Public School Teachers
Teacher? Babysitter? Social Director? Therapist?
For years, those claiming that they want to reform education have savagely attacked the teaching profession. The pandemic proved them wrong.
- Aannestad Andelin & Corn LLP
We live in a society that has deprioritized the needs of children. The days of a parent being able to stay home to raise their offspring are long gone and an appropriate work-life balance is out of reach for most Americans. Decades of trickle-down economics have frayed the social safety net leaving too many children hungry and homeless. Even for those with access to good health insurance, mental health services are difficult to obtain. Our neighborhood social structures have disintegrated leaving today’s children without the villages that helped raise previous generations.
Our public schools have done their best to pick up the slack by providing food for hungry children, after-school care for students whose parents are working, and access to technology for those who desperately need 21st-century job skills to have a shot at the American Dream. Spearheading these efforts have been public school teachers, many of whom reach into their own pockets to pay for school supplies for their students. To pay for projects not covered by diminishing funding for public education, others become beggars, soliciting donations on programs like DonorsChoose.
When the COVID-19 pandemic forced the closure of public school campuses, parents from all ranges of the economic spectrum felt the effects. Those from socio-economically disadvantaged areas were hit particularly hard. While Los Angeles quickly instituted a Grab and Go meal program to keep families fed, other school districts were not as responsive and food insecurity increased. Low-wage workers were less likely to have the option of working from home and were left scrambling for child care. The imbalance of access to the internet was highlighted as students scrambled to log in to Zoom school.
The anguish of parents seeing their children struggling through the challenges of the pandemic is apparent in the lawsuit filed last week against the LAUSD. One describes trying to help her son “with schoolwork when she gets home from work, but [he] is uncooperative and resists her efforts.” Another says that her son “plays with his computer and pretends he can’t hear the teacher or other students.” A mother says that she “tried everything to re-engage her daughter in school”, but her child “simply does not care.” One of the seven children described in the suit “doesn’t even bother to wake up in time” and his “assignments are often missed or filed late.”
It would be wrong to blame any of these failures on the parents. The COVID-19 pandemic has turned all of our lives upside down and they are surely doing their best to provide for the needs of their children. Unfortunately, these parents have looked past the efforts the LAUSD has made when finding themselves in uncharted territory and have sued the district. To do so they have allied themselves with the same forces that have been trying to dismantle the public education system for years.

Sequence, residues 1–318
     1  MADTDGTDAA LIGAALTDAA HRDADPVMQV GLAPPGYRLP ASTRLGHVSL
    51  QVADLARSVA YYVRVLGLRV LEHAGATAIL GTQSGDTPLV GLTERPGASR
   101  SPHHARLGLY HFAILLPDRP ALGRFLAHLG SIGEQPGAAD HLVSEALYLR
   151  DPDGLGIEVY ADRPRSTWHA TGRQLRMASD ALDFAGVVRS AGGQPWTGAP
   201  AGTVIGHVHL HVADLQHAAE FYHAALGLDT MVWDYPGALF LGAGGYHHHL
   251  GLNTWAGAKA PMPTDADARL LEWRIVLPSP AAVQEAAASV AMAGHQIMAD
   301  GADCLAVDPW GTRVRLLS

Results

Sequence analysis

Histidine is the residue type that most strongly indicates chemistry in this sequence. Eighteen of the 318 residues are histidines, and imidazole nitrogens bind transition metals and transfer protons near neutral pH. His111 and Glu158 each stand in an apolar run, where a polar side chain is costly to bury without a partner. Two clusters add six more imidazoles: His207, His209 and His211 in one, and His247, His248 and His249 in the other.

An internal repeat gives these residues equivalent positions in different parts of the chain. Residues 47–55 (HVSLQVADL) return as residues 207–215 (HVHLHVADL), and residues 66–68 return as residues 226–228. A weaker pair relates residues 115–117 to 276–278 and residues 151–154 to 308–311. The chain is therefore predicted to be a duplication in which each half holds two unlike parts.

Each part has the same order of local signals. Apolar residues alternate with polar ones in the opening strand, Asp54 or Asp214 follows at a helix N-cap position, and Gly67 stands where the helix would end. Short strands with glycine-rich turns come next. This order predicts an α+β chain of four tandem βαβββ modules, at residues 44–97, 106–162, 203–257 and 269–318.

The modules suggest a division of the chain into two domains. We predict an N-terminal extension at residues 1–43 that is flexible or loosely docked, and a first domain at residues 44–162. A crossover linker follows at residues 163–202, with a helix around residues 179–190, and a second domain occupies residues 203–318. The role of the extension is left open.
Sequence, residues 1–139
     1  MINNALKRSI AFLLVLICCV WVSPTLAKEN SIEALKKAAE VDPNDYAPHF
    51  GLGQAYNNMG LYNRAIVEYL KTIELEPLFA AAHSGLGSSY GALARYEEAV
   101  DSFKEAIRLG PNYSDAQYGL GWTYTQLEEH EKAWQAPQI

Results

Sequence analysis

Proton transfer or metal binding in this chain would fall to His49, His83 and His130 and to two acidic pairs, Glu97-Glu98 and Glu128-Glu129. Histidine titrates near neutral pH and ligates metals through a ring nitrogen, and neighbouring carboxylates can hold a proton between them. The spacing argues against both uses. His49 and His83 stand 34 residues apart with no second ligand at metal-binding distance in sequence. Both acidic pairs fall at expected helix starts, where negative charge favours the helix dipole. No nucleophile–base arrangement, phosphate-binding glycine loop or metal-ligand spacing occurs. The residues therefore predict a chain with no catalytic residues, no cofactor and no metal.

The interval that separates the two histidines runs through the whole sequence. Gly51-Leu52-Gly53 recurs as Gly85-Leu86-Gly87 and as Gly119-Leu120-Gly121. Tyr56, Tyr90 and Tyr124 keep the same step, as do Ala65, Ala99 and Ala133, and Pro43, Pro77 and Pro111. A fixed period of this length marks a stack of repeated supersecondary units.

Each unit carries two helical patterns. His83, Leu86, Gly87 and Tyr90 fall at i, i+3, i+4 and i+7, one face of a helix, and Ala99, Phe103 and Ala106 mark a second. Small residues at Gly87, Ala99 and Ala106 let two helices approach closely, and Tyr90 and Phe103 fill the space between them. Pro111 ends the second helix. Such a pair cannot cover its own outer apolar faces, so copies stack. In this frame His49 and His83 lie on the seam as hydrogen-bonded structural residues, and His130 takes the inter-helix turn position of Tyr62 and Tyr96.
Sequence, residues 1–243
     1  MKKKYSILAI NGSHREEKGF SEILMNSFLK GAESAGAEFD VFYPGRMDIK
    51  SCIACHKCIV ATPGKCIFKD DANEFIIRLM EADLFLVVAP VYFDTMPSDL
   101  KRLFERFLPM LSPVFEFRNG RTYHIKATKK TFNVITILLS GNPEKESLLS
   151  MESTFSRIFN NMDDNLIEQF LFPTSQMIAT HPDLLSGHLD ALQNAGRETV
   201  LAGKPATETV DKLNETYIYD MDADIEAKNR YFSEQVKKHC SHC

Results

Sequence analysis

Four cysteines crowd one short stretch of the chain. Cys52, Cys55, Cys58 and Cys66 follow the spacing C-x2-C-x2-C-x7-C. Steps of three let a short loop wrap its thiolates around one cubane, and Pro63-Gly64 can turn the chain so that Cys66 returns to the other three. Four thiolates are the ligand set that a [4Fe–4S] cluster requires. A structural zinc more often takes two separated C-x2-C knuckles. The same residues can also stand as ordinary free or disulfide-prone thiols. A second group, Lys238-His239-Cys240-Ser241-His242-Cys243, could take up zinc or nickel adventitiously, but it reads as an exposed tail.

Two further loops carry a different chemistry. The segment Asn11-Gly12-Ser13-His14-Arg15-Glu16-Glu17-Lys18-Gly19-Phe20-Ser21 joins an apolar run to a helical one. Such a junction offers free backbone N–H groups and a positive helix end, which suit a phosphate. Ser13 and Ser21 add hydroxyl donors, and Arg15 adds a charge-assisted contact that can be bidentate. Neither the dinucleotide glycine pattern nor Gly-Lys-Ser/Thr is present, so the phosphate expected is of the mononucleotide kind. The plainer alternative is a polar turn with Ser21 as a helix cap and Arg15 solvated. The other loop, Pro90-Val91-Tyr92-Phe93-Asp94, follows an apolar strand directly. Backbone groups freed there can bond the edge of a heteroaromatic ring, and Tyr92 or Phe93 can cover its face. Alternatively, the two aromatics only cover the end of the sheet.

Groups like Nick Melvoin’s Speak Up have pushed for a system that forces public schools to compete for scarce education dollars with private entities that lack any kind of reasonable oversight. Melvoin himself opposed the teachers’ union’s efforts to improve conditions for students including reducing class size and ensuring that every school had a full-time nurse assigned to its campus. He is part of a movement of self-described education “reformers” who have sought to judge teachers by the results of standardized tests and to eliminate their due process rights. Professional classroom educators were seen as unnecessary in a transformed learning environment where students could be taught over an iPad.
Ironically, these same groups are the ones who pushed for an immediate reopening of school campuses no matter the cost to teachers, students, and families. As the technology that they revered failed to engage students, teachers were suddenly considered essential. It turns out that the skills of a good teacher cannot be replicated by a machine.
The problems faced by the seven students whose parents are suing the LAUSD are tragic, but they were not caused by the school district; they are a result of a pandemic made worse by a lack of leadership at the national level. The parents acknowledge this in their filing when one says that her “son used to play football and basketball, but that all stopped with school closures, and it has affected his mood tremendously”. Another admits that “during the summer of 2020, normal socialization and enrichment opportunities were limited: trips, camps, and summer sports were canceled, and it was difficult to see friends.”
The COVID-19 pandemic will eventually subside and school campuses will finally reopen. The students who return will not be the same as their lives have been forever altered by the experience of the shutdown. I have full confidence that teachers will step up to the challenge of helping their students just as they have in the past. Hopefully, this time they will have the support of groups like Speak Up who have now seen the benefits that public school teachers provide.
Carl Petersen is a parent, an advocate for students with special education needs, an elected member of the Northridge East Neighborhood Council, a member of the LAUSD’s CAC, and was a Green Party candidate in LAUSD’s District 2 School Board race. During the campaign, the Network for Public Education (NPE) Action endorsed him, and Dr. Diane Ravitch called him a “strong supporter of public schools.” For links to his blogs, please visit www.ChangeTheLAUSD.com. Opinions are his own.